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Of Course Overspending Slammed California Into Massive Deficit

Of Course Overspending Slammed California Into Massive Deficit

California Gov. Gavin Newsom speaks during a news conference in San Francisco on Oct. 1, 2021. (Justin Sullivan/Getty Images)

John Seiler

John Seiler

12/14/2023

Updated: 12/21/2023

Commentary
You read it here first in The Epoch Times. “California Budget Deal Numbers Don’t Add Up,” was my headline on June 28, just after Gov. Gavin Newsom and the California Legislature passed their supposedly balanced budget for fiscal year 2023–24, which began on July 1.
I explained the budget kept “spending at 7.2 percent of Californians’ personal income—well above the 6.2 percent limit I have identified for 20 years. Above that limit, the state inevitably gets into budget trouble and has to enact more cuts. ... We could end up with a situation similar to the fall of 2008, as the Great Recession dug in. Revenues fell off a cliff.”
The California Legislative Analyst (LAO) just released its forecast for 2024: “California Faces a $68 Billion Deficit. Largely as a result of a severe revenue decline in 2022‑23, the state faces a serious budget deficit. Specifically, under the state’s current law and policy, we estimate the Legislature will need to solve a budget problem of $68 billion in the upcoming budget process.”
The deficit came just two years after the state enjoyed a nearly $100 billion surplus. As I have written in these pages, that surplus was a once-in-a-generation chance to straighten out the state’s endemic budget rollercoaster, with revenues soaring in good times, then plunging in bad times. But that opportunity was missed.

‘Seiler’s Law’: 6.2 Percent Spending Limit

How did I know?
Earlier, on Feb. 24, I explained, “California Legislative Analyst Discovers ‘Seiler’s Law’ on Budget Spending Limit.” Seiler’s Law is the 6.2 percent limit. I won’t duplicate it here, but I included a chart from a 2010 article I wrote from CalWatchdog.com, a now defunct website.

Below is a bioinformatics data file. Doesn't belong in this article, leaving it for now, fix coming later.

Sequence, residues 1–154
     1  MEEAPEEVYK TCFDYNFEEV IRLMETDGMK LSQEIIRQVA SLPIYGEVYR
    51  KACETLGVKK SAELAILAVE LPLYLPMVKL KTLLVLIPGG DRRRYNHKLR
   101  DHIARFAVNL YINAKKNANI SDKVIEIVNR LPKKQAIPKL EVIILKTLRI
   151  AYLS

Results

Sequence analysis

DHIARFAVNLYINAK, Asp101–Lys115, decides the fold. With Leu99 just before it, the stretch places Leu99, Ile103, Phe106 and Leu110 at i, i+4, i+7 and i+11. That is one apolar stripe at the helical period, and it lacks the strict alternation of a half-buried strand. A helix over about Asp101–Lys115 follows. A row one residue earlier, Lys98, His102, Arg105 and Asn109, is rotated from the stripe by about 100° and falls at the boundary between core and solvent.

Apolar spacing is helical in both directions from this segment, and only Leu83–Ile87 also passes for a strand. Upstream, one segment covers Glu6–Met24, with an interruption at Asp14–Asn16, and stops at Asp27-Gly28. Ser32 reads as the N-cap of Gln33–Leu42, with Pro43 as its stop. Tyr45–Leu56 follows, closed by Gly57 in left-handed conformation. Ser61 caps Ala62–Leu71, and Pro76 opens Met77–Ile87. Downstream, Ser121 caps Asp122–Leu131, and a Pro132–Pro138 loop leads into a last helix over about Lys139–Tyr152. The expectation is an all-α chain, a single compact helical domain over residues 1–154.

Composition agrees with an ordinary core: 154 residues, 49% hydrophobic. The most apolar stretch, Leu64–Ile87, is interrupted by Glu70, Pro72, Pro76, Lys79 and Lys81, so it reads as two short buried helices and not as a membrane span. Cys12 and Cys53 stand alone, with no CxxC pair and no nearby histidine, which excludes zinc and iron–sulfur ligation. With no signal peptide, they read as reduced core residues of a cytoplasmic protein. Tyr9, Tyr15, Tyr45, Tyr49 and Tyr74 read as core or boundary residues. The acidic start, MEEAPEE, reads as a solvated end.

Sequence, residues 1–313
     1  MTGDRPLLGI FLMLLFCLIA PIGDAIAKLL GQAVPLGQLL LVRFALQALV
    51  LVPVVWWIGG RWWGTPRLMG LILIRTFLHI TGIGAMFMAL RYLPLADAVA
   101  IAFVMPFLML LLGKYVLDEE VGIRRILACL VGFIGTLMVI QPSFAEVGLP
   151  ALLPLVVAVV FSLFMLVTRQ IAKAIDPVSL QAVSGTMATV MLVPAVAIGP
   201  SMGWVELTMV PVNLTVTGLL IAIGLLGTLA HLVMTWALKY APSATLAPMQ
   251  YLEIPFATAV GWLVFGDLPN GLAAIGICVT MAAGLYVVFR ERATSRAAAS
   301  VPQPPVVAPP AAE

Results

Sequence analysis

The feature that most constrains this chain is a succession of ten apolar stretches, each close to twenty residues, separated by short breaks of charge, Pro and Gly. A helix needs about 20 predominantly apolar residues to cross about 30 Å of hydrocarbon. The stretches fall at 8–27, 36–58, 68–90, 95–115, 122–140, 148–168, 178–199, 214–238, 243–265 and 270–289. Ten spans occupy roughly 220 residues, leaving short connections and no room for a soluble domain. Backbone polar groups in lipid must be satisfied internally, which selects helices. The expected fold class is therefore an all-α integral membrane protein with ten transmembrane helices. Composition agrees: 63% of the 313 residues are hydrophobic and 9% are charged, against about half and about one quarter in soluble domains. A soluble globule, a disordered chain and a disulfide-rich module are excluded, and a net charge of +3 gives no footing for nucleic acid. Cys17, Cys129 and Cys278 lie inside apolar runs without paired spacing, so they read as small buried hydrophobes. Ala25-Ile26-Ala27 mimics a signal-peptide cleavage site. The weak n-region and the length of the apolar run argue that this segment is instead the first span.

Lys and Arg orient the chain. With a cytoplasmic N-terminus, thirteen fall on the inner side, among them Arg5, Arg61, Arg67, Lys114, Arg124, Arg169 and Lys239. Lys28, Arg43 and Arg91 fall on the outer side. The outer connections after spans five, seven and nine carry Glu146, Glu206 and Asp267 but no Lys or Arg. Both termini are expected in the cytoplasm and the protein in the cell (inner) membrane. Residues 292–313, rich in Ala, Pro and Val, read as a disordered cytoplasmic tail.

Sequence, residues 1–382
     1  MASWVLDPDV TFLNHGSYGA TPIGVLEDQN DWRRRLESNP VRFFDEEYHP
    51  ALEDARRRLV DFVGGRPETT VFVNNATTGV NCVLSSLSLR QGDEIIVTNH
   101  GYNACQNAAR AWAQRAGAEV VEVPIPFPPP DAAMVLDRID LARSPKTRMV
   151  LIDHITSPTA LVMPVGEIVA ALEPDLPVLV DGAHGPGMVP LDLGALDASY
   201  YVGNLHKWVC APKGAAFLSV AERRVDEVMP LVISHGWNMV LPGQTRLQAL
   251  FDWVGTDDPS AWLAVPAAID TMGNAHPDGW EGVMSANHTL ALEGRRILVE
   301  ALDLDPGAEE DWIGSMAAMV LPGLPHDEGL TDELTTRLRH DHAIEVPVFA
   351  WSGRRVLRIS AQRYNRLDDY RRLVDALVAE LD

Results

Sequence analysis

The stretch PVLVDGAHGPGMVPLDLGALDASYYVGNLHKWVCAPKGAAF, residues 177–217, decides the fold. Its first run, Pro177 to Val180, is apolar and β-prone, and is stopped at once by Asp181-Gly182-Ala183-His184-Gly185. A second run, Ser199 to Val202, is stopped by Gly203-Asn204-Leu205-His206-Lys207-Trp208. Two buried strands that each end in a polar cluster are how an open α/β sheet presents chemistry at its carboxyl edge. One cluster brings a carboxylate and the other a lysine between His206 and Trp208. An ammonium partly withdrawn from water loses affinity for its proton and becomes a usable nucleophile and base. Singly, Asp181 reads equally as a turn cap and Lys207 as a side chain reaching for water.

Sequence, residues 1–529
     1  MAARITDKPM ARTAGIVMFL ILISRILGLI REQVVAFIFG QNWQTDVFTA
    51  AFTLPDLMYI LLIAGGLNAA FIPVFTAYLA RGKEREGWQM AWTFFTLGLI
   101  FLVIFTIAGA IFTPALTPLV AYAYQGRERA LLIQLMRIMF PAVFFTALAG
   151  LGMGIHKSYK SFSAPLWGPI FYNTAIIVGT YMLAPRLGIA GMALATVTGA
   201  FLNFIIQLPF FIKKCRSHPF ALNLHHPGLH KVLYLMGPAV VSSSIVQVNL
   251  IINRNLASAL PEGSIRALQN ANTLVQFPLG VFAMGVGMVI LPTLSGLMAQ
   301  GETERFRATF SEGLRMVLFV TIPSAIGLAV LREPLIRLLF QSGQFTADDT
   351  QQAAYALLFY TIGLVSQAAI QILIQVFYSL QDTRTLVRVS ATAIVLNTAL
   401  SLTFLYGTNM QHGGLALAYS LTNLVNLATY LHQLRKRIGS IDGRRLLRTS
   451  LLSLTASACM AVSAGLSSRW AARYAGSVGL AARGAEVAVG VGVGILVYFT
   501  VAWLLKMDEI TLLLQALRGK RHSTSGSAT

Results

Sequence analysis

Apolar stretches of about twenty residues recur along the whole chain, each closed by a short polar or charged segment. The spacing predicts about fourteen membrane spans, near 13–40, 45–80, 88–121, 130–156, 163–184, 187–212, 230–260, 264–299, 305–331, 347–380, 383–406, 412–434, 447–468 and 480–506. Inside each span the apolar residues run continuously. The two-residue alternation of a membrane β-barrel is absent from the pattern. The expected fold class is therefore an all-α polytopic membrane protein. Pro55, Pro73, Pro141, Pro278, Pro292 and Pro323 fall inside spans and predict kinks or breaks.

Then I included a chart produced by the California Legislative Analyst for its Feb. 15, 2023 Multiyear Assessment. that showed exactly the same thing. I’ll include that because it looks better than my chart, although they should have drawn a straight line across the graph at the 6.2 percent level to show exactly when that limit is exceeded. Note the spike the past few years:
Here are the specific ratio numbers from my calculations. (Mr. Newsom’s January budget proposal for fiscal 2024–25 will have updated estimates.)
  • 2019–20: 5.56
  • 2020–21: 5.87
  • 2021–22: 7.39
  • 2022–23: 7.96 (estimated)
  • 2023–24: 7.10 (estimated)
The LAO didn’t give me credit for finding the 6.2 limit 20 years earlier. Perhaps they didn’t know about it. In any event, President Reagan used to have a plaque on his desk at the Oval Office that read, “There is no limit to the amount of good you can do if you don’t care who gets the credit.”
Unfortunately, neither Mr. Newsom nor the Legislature paid any heed to the warnings from either me or the LAO. And you’ll note two things from the chart. Every time the number went over 6.2 percent, the state ran a deficit and increased taxes: in the early 1990s under Gov. Pete Wilson; in the early 2000s under Gov. Gray Davis, a partial reason for his 2003 recall; and in the 2005–08 period under Gov. Arnold Schwarzenegger, who was elected in part to end what he called “the crazy deficit spending,” but after being sensible in his first two years in office, 2003–04, went on a spending spree.